Clay Jenkinson is one of the nation’s leading interpreters of Thomas Jefferson. He has lectured about and portrayed Jefferson in forty-nine states over a period of seventeen years, as well as served as consultant and principal on-air “talking head,” in Ken Bums’ Thomas Jefferson Film: 1997. Jenkinson also hosts the nationally syndicated weekly radio program The Thomas Jefferson Hour which has been on NPR stations since 1999.
Jenkinson directs the Dakota Institute of Lewis & Clark Fort Mandan Foundation, which intends to foster a statewide “conversation,” using a humanities-based approach to addressing current events and what the future holds. Book publishing, documentary-making, and symposiums are among the numerous projects coordinated by the Dakota Institute with Clay Jenkinson at its helm. Through the Dakota Institute, Jenkinson recently has added documentary film maker to his list of accomplishments with the award winning documentary on former North Dakota Governor Art Link When The Landscape is Quiet Again.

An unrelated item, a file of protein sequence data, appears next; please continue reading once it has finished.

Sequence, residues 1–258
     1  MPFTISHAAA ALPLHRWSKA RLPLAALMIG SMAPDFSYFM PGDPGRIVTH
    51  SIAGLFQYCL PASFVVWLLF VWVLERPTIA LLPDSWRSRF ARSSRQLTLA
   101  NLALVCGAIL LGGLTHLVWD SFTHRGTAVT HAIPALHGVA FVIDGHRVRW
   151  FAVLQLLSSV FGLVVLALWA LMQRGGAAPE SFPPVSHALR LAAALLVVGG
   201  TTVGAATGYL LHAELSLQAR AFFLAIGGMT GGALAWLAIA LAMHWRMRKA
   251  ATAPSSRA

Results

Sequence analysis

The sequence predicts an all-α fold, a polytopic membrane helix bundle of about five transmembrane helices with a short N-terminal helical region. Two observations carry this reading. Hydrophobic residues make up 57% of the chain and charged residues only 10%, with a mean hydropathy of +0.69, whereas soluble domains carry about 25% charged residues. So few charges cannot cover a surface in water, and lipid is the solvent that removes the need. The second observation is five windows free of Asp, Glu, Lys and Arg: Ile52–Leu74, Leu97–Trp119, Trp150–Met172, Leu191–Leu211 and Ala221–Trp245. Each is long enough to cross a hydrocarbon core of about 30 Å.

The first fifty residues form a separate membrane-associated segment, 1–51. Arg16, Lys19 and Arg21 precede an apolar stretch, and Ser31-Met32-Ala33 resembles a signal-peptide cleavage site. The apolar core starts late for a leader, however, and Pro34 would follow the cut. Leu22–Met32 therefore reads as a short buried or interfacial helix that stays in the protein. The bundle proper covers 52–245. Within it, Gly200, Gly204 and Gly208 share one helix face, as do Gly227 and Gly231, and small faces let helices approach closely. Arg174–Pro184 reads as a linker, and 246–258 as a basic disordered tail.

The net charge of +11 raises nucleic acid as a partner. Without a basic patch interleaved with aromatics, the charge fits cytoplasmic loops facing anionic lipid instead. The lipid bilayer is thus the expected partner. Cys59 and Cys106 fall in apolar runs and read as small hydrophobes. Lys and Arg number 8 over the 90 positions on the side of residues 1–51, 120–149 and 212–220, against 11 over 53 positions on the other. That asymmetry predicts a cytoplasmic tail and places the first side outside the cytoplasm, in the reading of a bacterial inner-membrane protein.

Jenkinson has written “millions of words on Thomas Jefferson, Lewis and Clark, John Donne, the Great Plains, and especially North Dakota.” Most recently, Jenkinson released a second edition of The Character of Meriwether Lewis. Jenkinson writes a weekly column for the Bismarck Tribune, serves as Bismarck State College’s Distinguished Humanities Scholar and as the chief consultant for Dickinson State University’s Theodore Roosevelt Center.
With his return to his home state of North Dakota in 2006, Clay now divides his time between performing, lecturing, researching, writing, and film making to further the humanities both in his home state and across the country.